Plate VII of the “Penny Black”: An Appreciation

It can be a little hard for us stamp collectors to love the Penny Black despite the fact that it is the world’s first postage stamp.  For one thing, it’s so common that it lacks the allure of even relative scarcity.  For another, although some of my fellow philatelists may disagree, it’s frankly nothing much to look at.  Black, as the name suggests, and with an engraved portrait of Queen Victoria in profile, it looks like, well, a postage stamp for the simple reason that every stamp that came after it was based on the archetype of the Penny Black.

Still, I maintain that there is plenty of fun to be had in collecting the Penny Black if you’re willing to dig a little deeper than merely “checking the box” of owning one in decent condition.  In my case, I chose one of the 11 plates that were used for printing the Penny Black pretty much at random.  I picked Plate #7 (or “Plate VII” if we’re being formal) because seven is my lucky number and have been slowly gathering Penny Blacks from different positions on the plate with the goal of eventually putting together a complete set of 240 (the Penny Black plates printed twelve stamps across and 20 vertically.)

In some ways, this isn’t as hard as it sounds because each of the stamps has two “check letters” on the bottom, one that indicates its horizontal positioning on the plate and the other which indicates its vertical position.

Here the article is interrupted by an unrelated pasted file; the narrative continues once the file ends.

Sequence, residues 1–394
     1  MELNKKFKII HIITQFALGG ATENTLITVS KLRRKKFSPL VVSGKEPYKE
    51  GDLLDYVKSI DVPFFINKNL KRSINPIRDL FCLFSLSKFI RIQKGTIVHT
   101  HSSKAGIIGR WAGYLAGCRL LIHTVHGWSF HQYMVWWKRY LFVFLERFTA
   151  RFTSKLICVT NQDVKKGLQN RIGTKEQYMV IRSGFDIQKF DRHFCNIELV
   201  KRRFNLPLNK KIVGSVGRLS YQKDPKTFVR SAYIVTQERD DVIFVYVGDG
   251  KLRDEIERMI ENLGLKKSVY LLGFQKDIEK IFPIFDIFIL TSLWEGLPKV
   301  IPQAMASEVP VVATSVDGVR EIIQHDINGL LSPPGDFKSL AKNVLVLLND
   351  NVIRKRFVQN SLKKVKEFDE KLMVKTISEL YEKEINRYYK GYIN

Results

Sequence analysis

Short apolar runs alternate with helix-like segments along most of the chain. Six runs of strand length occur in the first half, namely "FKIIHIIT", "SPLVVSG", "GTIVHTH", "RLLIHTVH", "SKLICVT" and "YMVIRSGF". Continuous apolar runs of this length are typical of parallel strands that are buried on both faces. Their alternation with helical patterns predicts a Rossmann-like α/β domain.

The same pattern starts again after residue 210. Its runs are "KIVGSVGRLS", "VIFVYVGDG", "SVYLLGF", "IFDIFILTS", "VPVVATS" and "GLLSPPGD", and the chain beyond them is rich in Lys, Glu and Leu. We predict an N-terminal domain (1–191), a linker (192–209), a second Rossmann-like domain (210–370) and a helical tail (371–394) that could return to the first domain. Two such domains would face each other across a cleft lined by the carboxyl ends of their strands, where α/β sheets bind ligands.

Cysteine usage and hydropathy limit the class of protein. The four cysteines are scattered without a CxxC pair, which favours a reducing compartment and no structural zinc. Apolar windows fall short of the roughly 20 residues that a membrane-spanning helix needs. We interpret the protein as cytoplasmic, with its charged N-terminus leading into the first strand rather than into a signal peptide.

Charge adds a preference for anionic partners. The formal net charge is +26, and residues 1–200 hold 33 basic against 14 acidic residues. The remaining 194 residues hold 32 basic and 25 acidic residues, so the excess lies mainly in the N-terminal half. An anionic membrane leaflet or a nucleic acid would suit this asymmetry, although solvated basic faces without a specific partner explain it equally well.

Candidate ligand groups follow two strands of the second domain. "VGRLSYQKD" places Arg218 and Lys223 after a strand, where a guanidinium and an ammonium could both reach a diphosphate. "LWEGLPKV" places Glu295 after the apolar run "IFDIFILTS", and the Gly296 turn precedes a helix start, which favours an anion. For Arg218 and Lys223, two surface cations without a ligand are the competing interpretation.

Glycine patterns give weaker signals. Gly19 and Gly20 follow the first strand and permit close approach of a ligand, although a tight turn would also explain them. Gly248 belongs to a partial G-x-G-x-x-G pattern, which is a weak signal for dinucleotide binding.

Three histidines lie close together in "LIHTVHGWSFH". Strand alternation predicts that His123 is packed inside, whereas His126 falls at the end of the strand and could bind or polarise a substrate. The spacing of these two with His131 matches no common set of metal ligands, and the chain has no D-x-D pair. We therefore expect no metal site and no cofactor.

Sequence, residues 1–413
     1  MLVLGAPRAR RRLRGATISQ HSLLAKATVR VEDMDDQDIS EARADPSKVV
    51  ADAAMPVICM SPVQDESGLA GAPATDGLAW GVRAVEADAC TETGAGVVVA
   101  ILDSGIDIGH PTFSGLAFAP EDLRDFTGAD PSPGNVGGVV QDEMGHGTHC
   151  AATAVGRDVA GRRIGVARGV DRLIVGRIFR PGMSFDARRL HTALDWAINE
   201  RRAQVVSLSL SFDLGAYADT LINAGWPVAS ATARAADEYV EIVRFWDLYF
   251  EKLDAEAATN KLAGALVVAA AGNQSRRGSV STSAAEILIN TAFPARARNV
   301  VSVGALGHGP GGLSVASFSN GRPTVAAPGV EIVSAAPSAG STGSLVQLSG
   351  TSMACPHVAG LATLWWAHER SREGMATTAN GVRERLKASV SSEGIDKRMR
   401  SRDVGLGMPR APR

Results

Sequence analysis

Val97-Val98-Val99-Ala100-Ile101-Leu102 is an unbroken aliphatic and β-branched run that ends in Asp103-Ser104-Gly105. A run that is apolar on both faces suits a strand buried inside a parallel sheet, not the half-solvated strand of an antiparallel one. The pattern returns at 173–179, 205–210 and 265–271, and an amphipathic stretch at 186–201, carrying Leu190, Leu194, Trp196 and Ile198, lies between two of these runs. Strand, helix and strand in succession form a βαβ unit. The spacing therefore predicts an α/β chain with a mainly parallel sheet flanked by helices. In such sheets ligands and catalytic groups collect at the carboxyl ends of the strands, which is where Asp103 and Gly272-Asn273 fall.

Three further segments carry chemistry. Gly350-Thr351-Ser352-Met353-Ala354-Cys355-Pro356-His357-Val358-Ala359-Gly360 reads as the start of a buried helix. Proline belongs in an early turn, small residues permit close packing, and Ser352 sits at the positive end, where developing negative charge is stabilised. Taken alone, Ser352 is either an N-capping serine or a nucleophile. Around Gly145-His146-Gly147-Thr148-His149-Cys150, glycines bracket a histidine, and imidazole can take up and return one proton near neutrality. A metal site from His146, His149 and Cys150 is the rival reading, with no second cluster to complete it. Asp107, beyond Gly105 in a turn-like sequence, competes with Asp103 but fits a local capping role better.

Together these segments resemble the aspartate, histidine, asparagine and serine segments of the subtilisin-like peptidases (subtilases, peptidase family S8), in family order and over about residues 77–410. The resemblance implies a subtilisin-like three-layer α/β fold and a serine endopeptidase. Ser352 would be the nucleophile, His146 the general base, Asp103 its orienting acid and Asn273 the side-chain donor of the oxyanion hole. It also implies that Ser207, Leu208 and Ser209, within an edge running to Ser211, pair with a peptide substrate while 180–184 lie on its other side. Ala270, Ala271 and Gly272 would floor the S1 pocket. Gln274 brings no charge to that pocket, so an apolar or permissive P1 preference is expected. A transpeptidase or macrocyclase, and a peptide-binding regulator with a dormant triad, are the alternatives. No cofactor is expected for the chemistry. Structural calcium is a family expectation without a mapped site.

But in one important other way, this isn’t so easy because while you can tell right away where any particular stamp was positioned, you can only tell which plate it came from by observing certain idiosyncratic characteristics in the placement and apparent strike pressure of the check letters which were done by hand.  And while a consensus has been slowly building in the philatelic brotherhood (and sisterhood!) about the distinctive traits of each plate’s check numbers, opinion is by no means unanimous, especially regarding the more controversial plates like #IV, #IX, and #X.  I’m fortunate that Plate #7 is regarded as a “beginners plate” because frankly I’d have to be a lot more interested in stamp collecting and have a lot more time on my hands to tackle one of those.